Estimated grade. Ex. Green; Farouk (1954) Sold by David Akers Numismatics Oct '97 Price realized $20900
Doug Winter: The 1848-D is often regarded as one of the more common Dahlonega half eagles. This is most definitely not the case as it is actually quite scarce in any grade and very rare in high grades.
The 1848-D half eagle is a scarce and undervalued issue. Most grade Very Fine to Extremely Fine. Any coin grading About Uncirculated is rare and any About Uncirculated example with good eye appeal is very rare. In Mint State, the 1848-D half eagle is extremely rare.
STRIKE: The quality of strike depends on which die variety a specific coin is. Many examples are very poorly struck and show pronounced flatness at the obverse center and heavy die swelling. Others have clashmarks at the mouth of Liberty and behind the head and weakness on the neck feathers of the eagle. The reverse is generally better struck, even on the coins which show extreme weakness on the obverse. Any example with a sharp overall strike is very rare. For more information on strike, refer to Die Varieties below.
SURFACES: Most 1848-D half eagles have numerous abrasions on the surfaces. This is one of the most difficult Dahlonega half eagles to locate with clean fields. Examples exist with matte-like surfaces from exposure to seawater. These coins have Mint State sharpness but are generally accorded the same value as an Extremely Fine coin with original surfaces.
LUSTER: This date shows below average quality luster. On the few original, higher grade coins that exist, the luster is usually frosty in its texture. On the typical piece the luster is impaired and has a slightly grainy texture.
COLORATION: Due to the fact that so many have been cleaned, it is very difficult to find an 1848-D half eagle with pleasing natural coloration. The few original pieces which exist have darker green-gold or orange-gold hues.
EYE APPEAL: The 1848-D is one of the most difficult Dahlonega half eagles to locate with good eye appeal. Many are very poorly struck and most show serious, detracting abrasions. A piece with good eye appeal is legitimately rare and it deserves to sell for a significant premium over a typical example.
PERSONAL OBSERVATIONS: The 1848-D half eagle is actually one of the hardest Dahlonega issues of any denomination to locate with good eye appeal. Most are either poorly struck or have been cleaned at one time. I cannot recall having seen more than two or three pieces that I felt were genuinely attractive and have seen only one (the Duke’s Creek coin) that I felt was unquestionably Uncirculated.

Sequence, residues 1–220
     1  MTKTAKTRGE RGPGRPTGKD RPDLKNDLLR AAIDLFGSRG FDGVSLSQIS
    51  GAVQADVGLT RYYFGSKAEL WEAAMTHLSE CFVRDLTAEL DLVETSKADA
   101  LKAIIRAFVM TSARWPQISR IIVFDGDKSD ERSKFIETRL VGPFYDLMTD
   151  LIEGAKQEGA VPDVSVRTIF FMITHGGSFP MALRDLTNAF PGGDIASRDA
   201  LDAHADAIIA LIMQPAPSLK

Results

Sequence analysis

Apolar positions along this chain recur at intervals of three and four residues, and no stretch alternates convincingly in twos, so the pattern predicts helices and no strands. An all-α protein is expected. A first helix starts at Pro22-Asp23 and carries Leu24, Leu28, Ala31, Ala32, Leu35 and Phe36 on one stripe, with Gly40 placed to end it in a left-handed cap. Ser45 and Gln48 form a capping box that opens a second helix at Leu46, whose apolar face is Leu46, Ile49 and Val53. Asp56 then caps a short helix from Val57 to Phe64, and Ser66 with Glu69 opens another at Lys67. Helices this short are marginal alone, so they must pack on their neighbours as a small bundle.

Variety 18-M: The date is large and high and slants downward from left to right. The second 8 in the date is about the same distance between the neck and the denticles. The reverse was used to strike half eagles in 1847 and in 1848. The upright of the mintmark is over the left edge of the upright of the E in FIVE. The left edge of the right serif of the mintmark is over the right diagonal while the right edge is over the E. The mintmark is close to the stem at the upper right and is away from the feather.
At least three die states are known:
STATE I: The stars are sharp and there are no die cracks, clashmarks or traces of swelling.
STATE II: Stars three through six are now thin and fine as the result of die lapping. Clashmarks can be seen at the mouth of Liberty and behind her throat.
STATE III: The stars have become less defined and the clashmarks are more pronounced. Reverse cracks have forme3d from the eagle’s left wing down into the arrows and into the RI in AMERICA. Die State II and Die State III coins are usually seen in low grades and they are extremely rare in AU-55 or better.
Variety 19-O: The obverse is very similar to that described above. On the reverse the mintmark is large a far from the branch. It is connected to the feather tip by a die line. It is noticeably tilted to the right and positioned above the upright of the E. There is a small crack from below the F across IVE to the right pellet.David Akers (1975/88): A few pieces graded uncirculated by the cataloguers showed up in my 337 catalogue survey, but none in the past decade. Even AU pieces have been conspicuously absent from most major sales. The conclusion that this date is a rare one in all grades is unmistakable and above EF it must be considered a major rarity. As a date, it is considerably more rare than the 1843-1847 Dahlonega Mint coins, and it is approximately equal in overall rarity to the 1849-D and 1950-D that follow. Expect to find only Fine to EF specimens if looking for this date.